Making the Case for Universal HPV Vaccination


CALGARY, ALTA. — As an epidemiologist whose research focuses on the prevention of cervical cancer, Dr. Eduardo L. Franco spends a lot of his time dispelling arguments and protests from other health care professionals and patients that more research is needed before universal human papillomavirus vaccination can be recommended worldwide.

“Although clinical experience has just passed 6 years, the evidence base is one of the strongest in disease prevention,” Dr. Franco said at the annual meeting of the Society of Obstetricians and Gynaecologists of Canada. “The standard of proof is far more rigorous than that used in evaluation of candidate vaccines of the past. It may be the most scrutinized vaccine by the public and the media concerning need and safety.”

Prophylactic HPV vaccines include a quadrivalent form made by Merck & Co. that was licensed in the United States in June 2006 and a bivalent form made by GlaxoSmithKline that was submitted to the FDA in March 2007.

Dr. Franco, director of the division of cancer epidemiology at McGill University, Montreal, shared several examples of arguments against HPV vaccination that he encounters, followed by his counterargument for each.

One chief argument he hears is that the vaccine is too costly and unaffordable where it's most needed. However, he said, procurement programs such as the CDC's Vaccines for Children Program, the Global Alliance for Vaccines and Immunization, and the Pan American Health Organization's revolving fund should help to lower the cost. “Historically,” he added, “prices decline with time since deployment.”

Other common arguments against HPV vaccination include the following:

There are no data on long-term duration of protection. In fact, to date, studies demonstrate a sustained antibody response with no indication that humoral immunity will wane before 10 years. “Even with lowered antibody titres, postvaccination protection has continued unabated,” said Dr. Franco, who also is a professor of epidemiology and oncology at McGill. “We did not wait for such proof before deploying other vaccines.”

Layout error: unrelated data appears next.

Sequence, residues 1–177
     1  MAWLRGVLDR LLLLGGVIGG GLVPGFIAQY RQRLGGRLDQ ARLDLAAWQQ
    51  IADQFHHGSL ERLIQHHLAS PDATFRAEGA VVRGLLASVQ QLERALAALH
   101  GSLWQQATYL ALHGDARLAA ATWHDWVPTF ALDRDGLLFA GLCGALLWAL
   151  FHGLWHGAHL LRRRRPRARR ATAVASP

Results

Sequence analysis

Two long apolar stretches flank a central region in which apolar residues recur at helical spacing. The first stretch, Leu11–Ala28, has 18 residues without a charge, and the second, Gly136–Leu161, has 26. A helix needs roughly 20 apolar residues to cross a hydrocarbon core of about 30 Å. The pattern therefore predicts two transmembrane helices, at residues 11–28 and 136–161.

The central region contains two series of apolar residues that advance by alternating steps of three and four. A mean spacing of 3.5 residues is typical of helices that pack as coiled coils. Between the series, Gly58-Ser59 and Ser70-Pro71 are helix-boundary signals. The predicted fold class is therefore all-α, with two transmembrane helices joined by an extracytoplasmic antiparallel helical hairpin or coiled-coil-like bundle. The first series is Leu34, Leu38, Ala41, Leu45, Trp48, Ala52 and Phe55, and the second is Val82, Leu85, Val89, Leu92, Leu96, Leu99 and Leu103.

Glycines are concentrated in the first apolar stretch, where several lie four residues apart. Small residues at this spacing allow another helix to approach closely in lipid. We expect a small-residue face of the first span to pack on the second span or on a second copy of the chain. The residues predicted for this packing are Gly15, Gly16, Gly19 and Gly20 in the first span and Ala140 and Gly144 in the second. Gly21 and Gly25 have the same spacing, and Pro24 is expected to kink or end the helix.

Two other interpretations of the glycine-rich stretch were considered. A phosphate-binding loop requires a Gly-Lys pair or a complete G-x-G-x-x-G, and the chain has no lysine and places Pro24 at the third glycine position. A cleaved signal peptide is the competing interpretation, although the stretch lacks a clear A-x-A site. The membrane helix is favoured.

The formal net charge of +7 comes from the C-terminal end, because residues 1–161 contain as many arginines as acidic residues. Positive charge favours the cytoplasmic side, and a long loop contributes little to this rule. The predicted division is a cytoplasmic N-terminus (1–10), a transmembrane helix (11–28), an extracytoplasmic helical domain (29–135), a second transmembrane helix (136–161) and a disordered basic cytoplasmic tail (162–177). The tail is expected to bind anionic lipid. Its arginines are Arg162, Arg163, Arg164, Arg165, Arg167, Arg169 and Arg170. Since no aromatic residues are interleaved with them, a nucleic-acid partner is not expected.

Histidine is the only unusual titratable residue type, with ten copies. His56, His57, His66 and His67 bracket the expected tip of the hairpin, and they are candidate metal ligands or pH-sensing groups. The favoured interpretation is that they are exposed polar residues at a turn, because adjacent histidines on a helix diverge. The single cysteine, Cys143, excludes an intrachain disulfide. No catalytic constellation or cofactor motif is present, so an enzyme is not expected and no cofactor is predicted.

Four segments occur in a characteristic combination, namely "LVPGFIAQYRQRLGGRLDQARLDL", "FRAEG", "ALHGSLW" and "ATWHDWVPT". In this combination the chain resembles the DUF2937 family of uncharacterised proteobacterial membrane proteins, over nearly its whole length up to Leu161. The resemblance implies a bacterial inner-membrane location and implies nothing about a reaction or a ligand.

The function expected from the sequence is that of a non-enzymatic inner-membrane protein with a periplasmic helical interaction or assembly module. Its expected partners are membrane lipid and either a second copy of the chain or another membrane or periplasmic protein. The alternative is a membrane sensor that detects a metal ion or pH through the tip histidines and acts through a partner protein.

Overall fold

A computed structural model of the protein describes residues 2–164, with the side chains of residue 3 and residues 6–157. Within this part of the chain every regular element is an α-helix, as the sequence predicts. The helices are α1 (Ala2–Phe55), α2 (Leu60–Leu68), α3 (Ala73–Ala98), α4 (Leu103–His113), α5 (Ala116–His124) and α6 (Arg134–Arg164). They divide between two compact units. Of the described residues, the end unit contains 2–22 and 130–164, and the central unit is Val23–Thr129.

Protection is limited; vaccines cover only two oncogenic types. In fact, protection is against the two most important types (HPV 16 and 18), which translates into a protective fraction of 70% of all cervical cancers. That protection “is likely to be expanded via cross-protection,” he said. “In combination with tailored screening strategies, it may achieve unprecedented lifelong protection.”

Screening will continue to be needed. True, Dr. Franco said, but recent progress on new technologies such as HPV testing with Pap triage “will permit extending screening intervals safely and cost effectively. Proper integration of primary and secondary prevention strategies is likely to reduce costs and improve cervical cancer control.”

There is a risk of type replacement, which occurred with the pneumococcal vaccine. In fact, Dr. Franco said, type replacement is unlikely to occur because there is no epidemiologic proof that HPV types compete for specific niches. “Several studies have tested this hypothesis,” he noted. “The fraction of the population not exposed to HPV 16 or 18 is always high; exposure to HPV 16 or 18 does not constrain the pool of susceptible individuals who could acquire other HPVs.”

We should not vaccinate preteens and teens; there are no efficacy data on patients aged 9-14 years. This age group is not at risk for lesions and monitoring them “would be unethical and unproductive,” Dr. Franco said. “Immunobridging” studies show that vaccine-induced humoral response in preteens is the highest among all groups, “which is sufficient justification for expectation of benefit,” he said.

There is no proof yet that vaccination can reduce the risk of invasive cancers. Dr. Franco counters this notion by pointing out that absence of evidence is not evidence of absence. “Sensible judgment based on understanding of the natural history of HPV infection and cervical cancer indicates that prevention of precancerous lesions is an acceptable end point,” he explained.

There is no cervical cancer epidemic. Dr. Franco asserts that the health costs, morbidity, and mortality associated with cervical cancer are sufficiently important to justify action and that the HPV vaccination is likely to exert protection against other neoplastic diseases such as oropharyngeal cancer and benign genital warts.

More research is needed on safety. Dr. Franco responds to this argument by noting that the safety data on the HPV vaccine “are among the most well documented for any new vaccine. There was no waiting period for the adoption of other vaccines with lesser standards of proof. Inaction has a high cost in terms of morbidity and mortality that could have been averted.”

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